Open access peer-reviewed chapter

Promoting Grass in Horse Diets and Implementing Sustainable Deworming: ‘Équipâture’ Programme

Written By

Pauline Doligez, Marie Delerue, Agnès Orsoni, Bathilde Diligeon, Céline Saillet, Hervé Feugère, Guillaume Mathieu, Jean Baptiste Quillet and Stéphanie Cassigneul

Submitted: December 23rd, 2019 Reviewed: May 5th, 2020 Published: August 25th, 2020

DOI: 10.5772/intechopen.92734

From the Edited Volume

Equine Science

Edited by Catrin Rutland and Albert Rizvanov

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The Équipâture programme examined the grazing regimes and parasite statuses of horses on 12 study farms. Its research yielded useful results. Rotational grazing of mares, foals, and school riding horses allowed animals to meet their nutritional needs without any supplements (50 ares/LU in the spring; 80 ares/LU in the summer). During the winter, haylage met the high demands of mares and foals. Late-cut hay could not, and there was a risk of P, Cu, and Zn deficiencies when horses were given a 100% hay diet. A sustainable approach to deworming was implemented on the farms. Based on faecal analysis, animals were assigned a parasite excretion status. As a result of this categorisation, only half of the animals were dewormed. This method helped limit deworming costs and the development of parasite resistance to dewormers.


  • horse grazing
  • stocking rate
  • hay
  • haylage grass analysis
  • deworming
  • faecal egg count

1. Introduction

Grass, although being the most adapted food and considered as the least costly for herbivores, is nevertheless not always duly promoted in equine diets. The lack of data on equine pasture management and systematic deworming practices are recorded as factors hampering the efficient and sustainable management of grazing horses [1]. Systematic and frequent deworming of horses encourages the development of parasite resistance to dewormers. Three active dewormer families against cyathostomins, the most prevalent parasite in adult horses, are currently available on the market in France. Among the said three families, cyathostomins are known to resist two of them. In order to counteract the development of such resistances, it is important to change deworming practices by adopting faecal egg count as a determining element whether or not to worm. Sustainable deworming could also include the implementation of management measures in order to reduce the parasitic pressure on pastures [2]. Nevertheless, literature provides very little data in this regard. In this context, the ‘équipâture’ programme was initiated through the monitoring of 12 equine study farms located in the regions of Centre Val de Loire, Limousin and Normandy (France) between 2016 and 2017, with the aim of analysing pasture management, promotion of forage intake, and implementation of sustainable deworming. In collaboration with Agricultural Chambers, local Horse Councils, and the French Horse and Equestrian Institute (IFCE), this study has permitted the compilation of data on horse grazing and pasture management. This summary illustrates the technical results of feed and pasture management, as well as the monitoring of animal infection.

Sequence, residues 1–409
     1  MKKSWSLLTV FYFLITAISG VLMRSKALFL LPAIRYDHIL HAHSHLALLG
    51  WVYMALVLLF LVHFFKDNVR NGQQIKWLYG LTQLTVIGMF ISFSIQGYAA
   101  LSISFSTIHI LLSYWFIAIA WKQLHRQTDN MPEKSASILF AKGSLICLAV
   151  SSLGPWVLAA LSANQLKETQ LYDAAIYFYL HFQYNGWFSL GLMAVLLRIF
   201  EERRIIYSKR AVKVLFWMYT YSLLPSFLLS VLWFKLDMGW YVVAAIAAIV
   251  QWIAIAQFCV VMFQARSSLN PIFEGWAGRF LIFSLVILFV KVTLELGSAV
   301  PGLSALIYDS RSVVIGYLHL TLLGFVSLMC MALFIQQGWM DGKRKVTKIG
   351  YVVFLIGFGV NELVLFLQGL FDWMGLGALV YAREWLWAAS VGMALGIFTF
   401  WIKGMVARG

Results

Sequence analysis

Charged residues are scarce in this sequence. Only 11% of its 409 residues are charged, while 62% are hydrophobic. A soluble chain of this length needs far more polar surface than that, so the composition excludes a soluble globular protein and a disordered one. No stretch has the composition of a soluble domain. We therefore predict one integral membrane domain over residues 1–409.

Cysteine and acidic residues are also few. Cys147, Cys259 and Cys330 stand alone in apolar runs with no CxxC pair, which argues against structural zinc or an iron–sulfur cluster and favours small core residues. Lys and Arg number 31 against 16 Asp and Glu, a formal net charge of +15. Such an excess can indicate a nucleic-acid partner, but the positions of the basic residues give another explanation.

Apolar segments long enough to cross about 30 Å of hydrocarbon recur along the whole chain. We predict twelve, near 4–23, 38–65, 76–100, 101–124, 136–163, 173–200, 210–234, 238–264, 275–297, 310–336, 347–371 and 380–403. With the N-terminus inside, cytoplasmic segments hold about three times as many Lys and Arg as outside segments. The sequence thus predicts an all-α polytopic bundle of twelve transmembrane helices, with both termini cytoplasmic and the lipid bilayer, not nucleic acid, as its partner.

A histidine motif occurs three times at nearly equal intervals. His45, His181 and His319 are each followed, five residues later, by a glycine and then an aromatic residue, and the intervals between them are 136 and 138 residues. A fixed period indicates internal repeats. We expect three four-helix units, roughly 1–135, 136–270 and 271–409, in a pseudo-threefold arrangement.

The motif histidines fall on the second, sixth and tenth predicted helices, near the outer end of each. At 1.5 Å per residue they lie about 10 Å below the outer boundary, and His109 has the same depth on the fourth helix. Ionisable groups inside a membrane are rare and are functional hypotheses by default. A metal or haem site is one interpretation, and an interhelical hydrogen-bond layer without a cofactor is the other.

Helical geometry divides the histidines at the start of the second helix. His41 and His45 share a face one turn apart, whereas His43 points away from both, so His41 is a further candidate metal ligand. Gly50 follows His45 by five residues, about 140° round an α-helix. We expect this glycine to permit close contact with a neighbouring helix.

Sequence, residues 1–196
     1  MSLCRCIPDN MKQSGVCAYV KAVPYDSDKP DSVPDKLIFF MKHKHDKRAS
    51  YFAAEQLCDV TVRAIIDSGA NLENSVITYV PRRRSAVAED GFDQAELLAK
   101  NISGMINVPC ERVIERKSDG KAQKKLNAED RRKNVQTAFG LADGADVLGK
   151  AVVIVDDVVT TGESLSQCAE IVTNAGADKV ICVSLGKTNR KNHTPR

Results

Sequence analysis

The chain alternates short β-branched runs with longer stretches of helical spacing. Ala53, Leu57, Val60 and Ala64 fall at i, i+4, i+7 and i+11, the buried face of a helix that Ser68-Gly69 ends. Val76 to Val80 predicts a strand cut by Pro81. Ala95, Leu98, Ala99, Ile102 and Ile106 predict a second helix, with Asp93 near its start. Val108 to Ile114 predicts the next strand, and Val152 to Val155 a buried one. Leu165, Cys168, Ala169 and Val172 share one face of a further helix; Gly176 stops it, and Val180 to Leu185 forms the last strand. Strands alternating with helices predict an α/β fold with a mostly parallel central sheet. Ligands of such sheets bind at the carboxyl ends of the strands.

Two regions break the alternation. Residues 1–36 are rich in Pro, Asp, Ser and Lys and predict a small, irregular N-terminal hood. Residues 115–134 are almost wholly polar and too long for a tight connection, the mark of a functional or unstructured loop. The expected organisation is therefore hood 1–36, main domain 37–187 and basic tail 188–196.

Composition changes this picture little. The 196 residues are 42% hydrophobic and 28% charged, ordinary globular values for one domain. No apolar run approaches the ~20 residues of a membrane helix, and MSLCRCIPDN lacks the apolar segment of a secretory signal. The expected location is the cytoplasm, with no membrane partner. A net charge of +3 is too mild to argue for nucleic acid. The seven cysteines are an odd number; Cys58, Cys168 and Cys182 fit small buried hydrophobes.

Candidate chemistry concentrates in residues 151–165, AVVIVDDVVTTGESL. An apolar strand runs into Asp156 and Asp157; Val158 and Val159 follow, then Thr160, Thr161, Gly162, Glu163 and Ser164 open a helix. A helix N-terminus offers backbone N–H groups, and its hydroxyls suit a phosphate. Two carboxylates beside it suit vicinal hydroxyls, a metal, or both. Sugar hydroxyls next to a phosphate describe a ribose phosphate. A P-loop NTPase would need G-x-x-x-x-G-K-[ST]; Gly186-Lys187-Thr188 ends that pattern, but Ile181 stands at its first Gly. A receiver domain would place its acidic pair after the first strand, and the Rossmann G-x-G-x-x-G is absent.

2. Material and methods

At the national level, 12 study farms were monitored for over 2 years—2016 and 2017 (grazing seasons and in the winter). The selected equine farms were chosen according to the different breeds (draft horses, racehorses, sport and leisure horses, and cattle-combined) and the category of horses at grass (breeding stock and adult horses at rest or for schooling). The idea was to study and monitor a panel of structures with different production targets, using all grass surfaces for equine feeding and wishing to engage in more sustainable parasitic management practices. The 12 farms were located in 3 abundant grass regions [Centre-Val de Loire (4), Limousin (4), and Normandy (4)] and were comprised of 7 stud farms (2 draft horse + suckling-cow farmers, 1 pony breeder + crop farmer, 1 thoroughbred stud, 1 French Trotter stud, and 2 sport-horse breeders) and 5 riding establishments (1 riding school + sport-horse breeder, 2 riding schools + livery + breeder, 1 trail-riding centre, and 1 ‘active stall’).

Batches of 10 to 25 adults (aged 3 years or more in 2016) per farm, i.e., 204 horses in total, were monitored by the study team (2 persons) with the aim of defining their parasitic status, measuring their body condition score (BCS), and analysing their feed pattern and grazing during the two 2016–2017 seasons. Since it has been illustrated that acquired immunity against cyathostomins is reached at age 3, adults can be grouped according to their strongyle egg excretion level. It is considered that 15 to 30% of horses over the age of 3 are responsible for excreting approximately 80% of all eggs [2].